Thursday, November 8, 2018
November 8, 2018: Major Midterms: 1930 and Huey Long
[To say that this year’s midterm elections are significant is, I believe, to significantly understate the case. But crucial as they are, they won’t be the first such significant midterms, so this week I’ll AmericanStudy five other major midterms, leading up to a special weekend post on this year’s results. And oh yeah: vote!]
On the illustrative and iconoclastic sides to a newly elected Senator.
As you might expect, the 1930 midterm elections did not go well for the Republican Party. The Depression was just over a year old in November 1930, and even if President Herbert Hoover and his GOP colleagues had been a bang-up job with managing that economic and social catastrophe, it’s likely that the voters would have taken out their fears and frustrations on the party that controlled the White House and both chambers of Congress at the time. But by most measures and most historians’ reckonings Hoover et al didn’t respond well at all to the deepening crisis, and so the significant Democratic victories of 1930 were even more predictable. Democrats gained 52 seats from Republicans in the House of Representatives, gaining control of that chamber for the first time in more than three decades. They also gained 8 Senate seats, earning a split of power in that chamber (although Republican Vice President Charles Curtis served as a tie-breaking vote for the GOP). Over the next three election cycles Democrats would gain 118 additional seats in the House, making 1930 the start of a truly sizeable blue wave (to coin a phrase, although of course Democratic in 1930 didn’t necessarily mean what it does in 2018—someone tell Dinesh D’Souza!) that reshaped American politics throughout the Depression era.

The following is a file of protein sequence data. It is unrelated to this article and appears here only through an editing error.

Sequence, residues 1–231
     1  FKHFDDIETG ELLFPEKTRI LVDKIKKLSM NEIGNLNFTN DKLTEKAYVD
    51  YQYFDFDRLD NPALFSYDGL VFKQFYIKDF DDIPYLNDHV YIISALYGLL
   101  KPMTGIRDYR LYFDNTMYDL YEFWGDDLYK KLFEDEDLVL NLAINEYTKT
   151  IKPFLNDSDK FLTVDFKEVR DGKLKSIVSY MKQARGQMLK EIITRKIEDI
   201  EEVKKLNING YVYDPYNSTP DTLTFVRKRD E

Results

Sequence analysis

One of the newly elected Senators in 1930 was none other than controversial Louisiana Governor (still in the midst of his gubernatorial term at the time! On which more in a moment) Huey Long. Long’s seat wasn’t one of those 8 Democratic pickups, as it had already been occupied by a Democrat. But Long did run against and defeat an entrenched incumbent, Senator Joseph E. Ransdell, handily besting Ransdell in a Democratic primary that was by default the full election as well (as the GOP didn’t run a candidate for the seat). Ransdell had been in the Senate since 1912, and had been in the House of Representatives for 14 years before that; those 32 years in Washington made him quite the symbolic embodiment of “politics as usual” and made Long’s ousting of him a striking reflection of the sea-changes underway across the nation in 1930. As usual, Long articulated such radical sentiments bluntly, defending his continuing as governor rather than immediately assuming the Senate seat (on which, again, more in a moment!) by arguing, “with Ransdell as Senator, the seat was vacant anyway.” Long’s plainspoken populism (while complex and fraught as such populisms tend to be) likewise reflected the broader trends that contributed to this 1930 rejection of Hoover and company and the subsequent moves toward new perspectives and the New Deal.
So in some important ways Long’s 1930 victory was a telling example of those larger national trends. But in other ways it, like Long itself, was entirely unique and kind of ridiculous. Again, while his Senate term began in March 1931, Long simply didn’t occupy the seat for nearly a year, finishing out most of his term as governor before moving to Washington in January 1932. Long being Long, he also took things significantly further than that; when Lieutenant Governor Paul Cyr, a former Long ally who had turned against the governor, correctly noted that Long really couldn’t serve in both roles and attempted to assume the governorship, Long fought back, kind of literally: he called Cyr’s actions a coup e’tat and ordered the state National Guard to surround the Capitol Building. He then went to the state Supreme Court to argue that Cyr had vacated the Lieutenant Governor position through his actions, won that lawsuit, and replaced Cyr with a crony, State Senate President Alvin Olin King; it was King who took over for the final few months of Long’s gubernatorial term when he finally moved to DC to assume the Senate seat. All of which is to say, as undoubtedly extreme as this year’s midterm elections feel, things could always get more unique and crazy.
Last midterm tomorrow,
PS. What do you think? Other elections or contexts you’d highlight?